The next generation architecture of 5G wireless networks will require a complete paradigm shift in the traditional design, build & maintain deployment models used by most modern organizations. For the United States to win the global 5G race, a new level of collaboration between Government, Industry and Education must be achieved to create the broadband workforce of tomorrow. This panel will discuss the different 5G readiness factors required within the Engineering, Real Estate, Site Development and Network Operation disciplines to support multiple use cases like IoT, Edge Networks, Mini Data Centers, Small Cells & FTTx.
One of the biggest challenges in the Wireless Industry is attracting, hiring and retaining highly skilled professionals. The fierce competition for skilled workers can make recruiting more difficult. According to research, 67% of workers said they would consider a job offer from a recruiter regardless of whether they had been considering a career move. Attendees will leave this discussion with a greater understanding of the challenges of attracting, hiring and retaining skilled workers. They will learn how their colleagues and competition overcome these challenges through examples and case studies. They will receive tips, tools and strategies to make the hiring process more efficient and effective. Ultimately, this session will make the attendees more competitive in the marketplace.
Attendees will hear from real estate executives and successful suppliers who have marketed to them about what offerings and what techniques are most appealing. What is most important to them in the new real estate world order where the primary players are NOT the carriers. Topics include:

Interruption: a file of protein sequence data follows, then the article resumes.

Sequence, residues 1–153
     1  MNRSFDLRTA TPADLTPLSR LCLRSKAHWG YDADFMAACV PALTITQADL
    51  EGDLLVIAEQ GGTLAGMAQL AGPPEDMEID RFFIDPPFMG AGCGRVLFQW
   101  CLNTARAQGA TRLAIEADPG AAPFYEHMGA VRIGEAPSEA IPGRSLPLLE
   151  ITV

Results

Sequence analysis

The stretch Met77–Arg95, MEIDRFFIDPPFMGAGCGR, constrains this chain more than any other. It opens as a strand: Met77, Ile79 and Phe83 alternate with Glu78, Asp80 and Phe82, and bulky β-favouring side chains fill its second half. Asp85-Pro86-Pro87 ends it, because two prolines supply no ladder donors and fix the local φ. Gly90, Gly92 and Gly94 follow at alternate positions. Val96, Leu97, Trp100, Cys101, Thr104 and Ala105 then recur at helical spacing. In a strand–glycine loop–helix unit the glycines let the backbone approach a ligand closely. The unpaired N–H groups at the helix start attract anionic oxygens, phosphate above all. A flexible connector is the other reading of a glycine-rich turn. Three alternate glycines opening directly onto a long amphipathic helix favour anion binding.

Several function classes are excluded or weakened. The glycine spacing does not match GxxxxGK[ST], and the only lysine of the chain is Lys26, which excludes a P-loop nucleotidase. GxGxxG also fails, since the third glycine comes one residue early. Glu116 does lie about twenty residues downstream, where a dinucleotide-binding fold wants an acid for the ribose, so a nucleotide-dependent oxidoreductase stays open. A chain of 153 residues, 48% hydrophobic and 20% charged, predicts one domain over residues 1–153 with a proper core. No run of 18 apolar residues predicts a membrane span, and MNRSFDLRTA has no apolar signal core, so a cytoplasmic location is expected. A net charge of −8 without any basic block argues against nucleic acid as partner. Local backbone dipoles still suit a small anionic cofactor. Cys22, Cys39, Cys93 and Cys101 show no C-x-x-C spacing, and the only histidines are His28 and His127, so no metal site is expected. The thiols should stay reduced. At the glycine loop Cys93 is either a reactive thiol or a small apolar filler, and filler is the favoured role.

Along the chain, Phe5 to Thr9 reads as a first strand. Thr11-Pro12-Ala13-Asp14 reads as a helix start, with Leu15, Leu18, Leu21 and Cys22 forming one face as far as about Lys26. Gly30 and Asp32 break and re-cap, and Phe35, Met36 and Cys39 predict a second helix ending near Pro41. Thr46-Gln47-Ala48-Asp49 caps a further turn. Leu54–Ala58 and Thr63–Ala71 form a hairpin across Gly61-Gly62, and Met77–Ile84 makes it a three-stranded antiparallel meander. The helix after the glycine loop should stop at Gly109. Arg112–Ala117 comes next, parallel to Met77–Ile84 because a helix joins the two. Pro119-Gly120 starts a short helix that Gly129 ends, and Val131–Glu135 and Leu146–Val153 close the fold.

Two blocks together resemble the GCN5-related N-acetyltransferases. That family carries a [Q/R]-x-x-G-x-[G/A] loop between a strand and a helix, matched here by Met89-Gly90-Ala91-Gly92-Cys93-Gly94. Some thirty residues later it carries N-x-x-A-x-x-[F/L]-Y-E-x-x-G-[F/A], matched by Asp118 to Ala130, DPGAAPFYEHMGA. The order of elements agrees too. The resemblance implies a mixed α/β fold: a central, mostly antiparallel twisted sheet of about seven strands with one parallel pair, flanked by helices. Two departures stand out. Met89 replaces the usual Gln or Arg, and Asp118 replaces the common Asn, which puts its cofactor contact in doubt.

i. How much appetite is there for neutral host offerings?
ii. What resources do panelists to find partners?
iii. Is every system a four carrier, multi technology set up?
iv. And much more.
Myriad tests and trials are under way as operators transition from 2G, 3G and 4G to the next generation known as 5G, which is still being defined by standards organizations but is expected to be much more than previous generational shifts. But how do operators prepare for something that is still undefined, and how much of the previous generations of technology will carry forward?
This panel will examine how operators will pivot from 4G to 4.5G and 5G and their relationships with spectrum. How will operators share 3.5 GHz spectrum? What are the benefits to using unlicensed spectrum alongside licensed? Is the value of licensed spectrum being diminished?
We’ll ask some key questions of wireless carriers and their vendors, including the shift to SDN/NFV, integration of unlicensed spectrum with licensed, the role of small cells and the viability of millimeter wave spectrum for indoor and outdoor deployments.
What does the power shift of the 2016 election and Chairman Pai taking the FCC gavel mean for the wireless industry? We’ll hear from government stakeholders as the panel examines the important telecommunications issues facing Congress, the Administration, and the FCC this year.
An all-star panel of wireless industry analysts and wireless investors will discuss the state of the capital markets, the business impact of 5G, IoT, merger and acquisition activity, and international opportunities. Learn exactly how new technologies impact your business and how your company can best prepare to take advantage of these opportunities.
Low Power Wide Area Networks are becoming more and more prevalent as an Internet of Things networking solution. These networks provide the coverage needed for Machine to Machine communications. They require low bandwidth and reliable connectivity. This session will discuss the network architectures as well as vertical markets where there has been success. These networks operate in the 902 to 928 MHz bands as well as in 2.4 GHz. These frequencies have very different characteristics which will impact TCO, Time to Market and ongoing operating expense. Join this panel of experts to learn how your company can take advantage of this booming technology.
More enterprises are investing to build their own in-building wireless coverage systems, however, the traditional DAS (distributed antenna systems) are viewed as expensive where small cells have limited radio frequencies. A marriage between the two systems is a match made in heaven as the hybrid system can make the radio part of the DAS equipment and bring down the total cost of ownership. In this session, the speakers will share the market trends for enterprise DAS and small cells, explain pros and cons of the two systems from both technological and financial perspectives and describe the best practice and results of interoperability testing between DAS and small cell solutions.